In his speech admitting defeat on Sunday, Sergio Massa said that “everything that happens tomorrow is on Milei.”
His followers applauded in agreement as Sergio “Pontius Pilate” Massa washed his hands and added that he was also going to take some time off (translation: fuck this shit, I’m out).
Coming out of Peronist Narnia into the real world, what happens fiscally and monetarily in 2024 will still be the legacy of Sergio Massa, and inflation will likely move towards the 400-500% YoY mark due to inertia.
Argentina is now experiencing double-digit monthly and 150-200% annual inflation, with complete price distortion across the board. The inflationary dynamics are similar to those of the Rodrigazo in 1975.
High inflation will be around for a longer time than most expect. If Milei solves the Leliqs peso bond issue on day 1, it will take at least 6 months before inflation comes down, combined with repressed inflation that will be released once all price controls are taken off.
Back in 1989 during the Plan Bonex restructuring of a similar debt monster denominated in local currency, it took Menem almost 2 years to get fully rid of inflation, even after pegging the peso to the dollar 1:1 and having defaulted on those peso bonds.
The current fiscal deficit is at -5.8%, and as you can tell from this graph, there have only been a handful of years where Argentina actually ran a surplus:
This is one of the first things Milei wants to solve. Public spending is at historically high levels, and he will have to bring them down in order to create a more stable economy.
Reserves - What Reserves?
The current administration has always maintained its management of the economy could not be criticized because of “Macri, the IMF, the pandemic, the war, the drought” and a myriad of other lame excuses in order to avoid taking responsibility for the economic abyss it created.
In terms of accountability, during the 2019-2023 despite the drought, the IMF, Macri and whatever other excuse the Alberto Fernández/Massa administration came up with, there was a RECORD influx of tariffs on exports, and it all went poof:
After the initial meeting with the current administration, Milei’s team has already confirmed the coffers are beyond empty. Exactly how much more empty is something that will be unveiled in the upcoming weeks, but the official numbers are negative net reserves of -$12 billion dollars.
The exchange market is completely distorted with multiple exchange rates, and an exchange gap exceeding 150% between the official exchange rate and the market rate (blue dollar rate).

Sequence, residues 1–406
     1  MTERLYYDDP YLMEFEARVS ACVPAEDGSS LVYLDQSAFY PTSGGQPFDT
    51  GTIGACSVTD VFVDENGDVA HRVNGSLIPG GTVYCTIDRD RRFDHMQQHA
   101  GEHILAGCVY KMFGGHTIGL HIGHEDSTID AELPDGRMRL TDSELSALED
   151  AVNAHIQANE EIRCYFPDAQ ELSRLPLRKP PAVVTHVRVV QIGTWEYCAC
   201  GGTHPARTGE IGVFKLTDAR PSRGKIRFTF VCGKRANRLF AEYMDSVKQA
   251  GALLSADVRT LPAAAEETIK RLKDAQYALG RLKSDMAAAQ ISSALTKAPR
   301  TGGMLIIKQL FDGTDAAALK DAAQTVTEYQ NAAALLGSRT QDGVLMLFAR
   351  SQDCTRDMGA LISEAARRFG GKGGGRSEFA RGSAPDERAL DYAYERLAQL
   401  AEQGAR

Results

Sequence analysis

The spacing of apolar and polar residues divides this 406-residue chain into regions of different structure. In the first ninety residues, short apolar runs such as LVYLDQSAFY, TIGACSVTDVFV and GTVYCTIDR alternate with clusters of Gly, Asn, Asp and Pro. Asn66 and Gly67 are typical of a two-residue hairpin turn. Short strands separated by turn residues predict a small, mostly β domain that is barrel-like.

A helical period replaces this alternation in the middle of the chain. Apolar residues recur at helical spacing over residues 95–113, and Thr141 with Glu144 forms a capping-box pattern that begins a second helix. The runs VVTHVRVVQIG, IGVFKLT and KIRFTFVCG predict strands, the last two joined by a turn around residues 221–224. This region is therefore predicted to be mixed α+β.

Argentina’s government debt is now at record levels, exceeding $419 billion. The external market is completely closed and the internal market saturated with domestic debt all indexed.
During this presidency, government debt increased by almost 30% in USD. That’s a lot for a country that can’t print dollars.
Even though the Alberto Fernández administration blamed the IMF for its financial woes, the truth of the matter is that Minister Sergio Massa never followed the IMF guidelines and objectives, and the interest paid so far is a drop in the bucket ($2-3 billion USD).
The IMF maturities for Argentina will only start from 2026 onwards, so there Milei has some time to organize the economy first:
The Peso Ponzi (Leliqs)
The monetary policy interest rate at 133% APY (250% APR), with paid liabilities (Leliqs) exceeding $23 trillion pesos, grow more than $2 trillion per month and already exceed 10% of GDP.
These Leliqs are held by local banks and businesses (for payroll etc), so it is imperative to make sure Argentina does not default on this in order to avoid an avalanche of bankruptcies and layoffs in the local economy.
Positive is that after winning the elections, Milei directly announced his plans to unwind the Leliqs peso Ponzi the very next day.
He is looking to secure $30 billion USD in order to bailout the Leliq holders and terminate the ponzi that is currently generating an additional monetary base every 1.5 months in interest alone.
Another positive sign is that the banks only renewed 40% of the Leliqs that expired this week.
In my Dollarization Scenarios for Argentina article I discussed the different ways Milei’s team could start dollarizing the economy and get rid of the BCRA (Central Bank).
However, in the planning of his term, this would only be introduced during year 2-3, and it is still not clear how Milei would exactly dollarize. One thing he has always stated is that it will not be a mandated dollarization, but the freedom of currency (with the State opting for the US Token).